America This Week: Cheating Streamers Get No Love, Are We That Divided? Inflation is a Public Health Crisis and Why Homeowners Have The Blues.

The latest trends in society and culture from The Harris Poll

This week’s leading headline is USA Today’s claim that there’s never been a worse time to buy a house. Young people have already picked up on this. In our poll last month with USA Today,  just one in four (39%) younger Americans strongly agreed that owning a home is a significant goal in their life (Gen Z: 35%, Millennials: 41%). 

An 8.6% 30-year fixed isn’t aligned with the values of modern American life. In our America This Week poll, fielded October 20th to 22nd among 2,128 Americans, (76%) of Gen Z and Millennials today are foremost concerned about affording their living expenses.  

This week, four new Harris Polls of note: First, streaming cheaters (watching ahead but not confessing) are causing relationship issues in a recent poll with Roku. Then, with The Globe and Mail, Harris Poll co-CEO Will Johnson details how America might just be more united than you think. Next, many Americans are forgoing medical care because of inflation, according to our new survey with Nationwide. To end, we circle back to homeowning and find that rising home values are of little comfort to stressed-out mortgage holders.

Streaming Ahead Can Hurt Your Love Life: Roku-Harris Poll

In a new Harris study with Roku, in the New York Post, streaming ahead is practicing infidelity by another name to many couples.

  • Streaming cheating is unforgivable: One in five (21%) adults in relationships say they’ve gotten angry when their partner “cheats” and watches an episode of their show on their own.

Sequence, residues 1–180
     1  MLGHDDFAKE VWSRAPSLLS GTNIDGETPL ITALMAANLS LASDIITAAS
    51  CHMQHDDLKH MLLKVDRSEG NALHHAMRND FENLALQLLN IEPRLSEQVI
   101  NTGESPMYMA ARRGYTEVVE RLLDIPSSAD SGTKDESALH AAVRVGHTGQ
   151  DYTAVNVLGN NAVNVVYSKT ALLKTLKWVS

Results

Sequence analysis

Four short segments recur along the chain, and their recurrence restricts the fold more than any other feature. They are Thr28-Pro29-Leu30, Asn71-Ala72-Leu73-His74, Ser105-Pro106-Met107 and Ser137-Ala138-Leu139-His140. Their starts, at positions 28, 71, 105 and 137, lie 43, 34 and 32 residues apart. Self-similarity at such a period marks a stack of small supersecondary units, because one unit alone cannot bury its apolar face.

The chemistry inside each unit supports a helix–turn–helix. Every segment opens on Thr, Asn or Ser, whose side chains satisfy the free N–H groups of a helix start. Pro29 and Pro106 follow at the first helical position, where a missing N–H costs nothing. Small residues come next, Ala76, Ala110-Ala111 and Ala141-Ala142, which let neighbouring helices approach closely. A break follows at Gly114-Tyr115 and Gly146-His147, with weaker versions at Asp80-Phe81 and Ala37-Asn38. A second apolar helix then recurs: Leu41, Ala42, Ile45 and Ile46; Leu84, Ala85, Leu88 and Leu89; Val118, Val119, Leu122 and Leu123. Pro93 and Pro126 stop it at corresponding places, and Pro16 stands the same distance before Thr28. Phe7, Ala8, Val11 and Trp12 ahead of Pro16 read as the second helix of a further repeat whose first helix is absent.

• Fake binging is also a thing: About a quarter (23%) of couples admitted to pretending to enjoy a show simply because their partner or spouse likes it.
  • Streaming logins are a relationship must-have: Nearly one-third (29%) of single Americans have a two-streaming service standard and won’t date anyone who doesn’t subscribe to at least two streaming platforms.
  • A quarter (26%) of streamers would instead give up sweets for a week, and a fifth (18%) would willingly stub their toe instead of learning of a spoiler to “The Bear” or “Lessons in Chemistry.”

Takeaway: These findings are a peek into how streaming is weaving into our romantic tales and, perhaps, becoming a character in our love stories. So, whether you’re a serial show-pretender, a staunch anti-spoiler, or someone who uses streaming as a conversational lifeboat, you’re not alone.

The Hidden Middle: The Globe and Mail-Harris Poll

There is ample reason to believe the U.S. is divided. Still, in new Harris research with The Globe and Mail, Harris Poll co-CEO Will Johnson suggests the noisy rancor of the country’s public discourse masks a more optimistic social cohesion.

  • Agree to disagree: About (76%) of Americans see the good in those they disagree with, and (71%) have friends who don’t share their views
  • It’s all an exaggeration: Nearly six in ten think some of the cultural wars are either overblown or missing the mark.
  • The cohesion is evident with brand reputation: Two of the most respected companies in the U.S., according to the 2023 Axios Harris Poll 100, are Patagonia and Chick-fil-A, each on two ideological ends of the spectrum, yet respected by most Americans for living up to their values. 
  • And while (83%) of Americans are unsettled by the normalization of trauma from gun violence and terrorist attacks – nearly seven in ten are hopeful that today’s chaos will motivate change.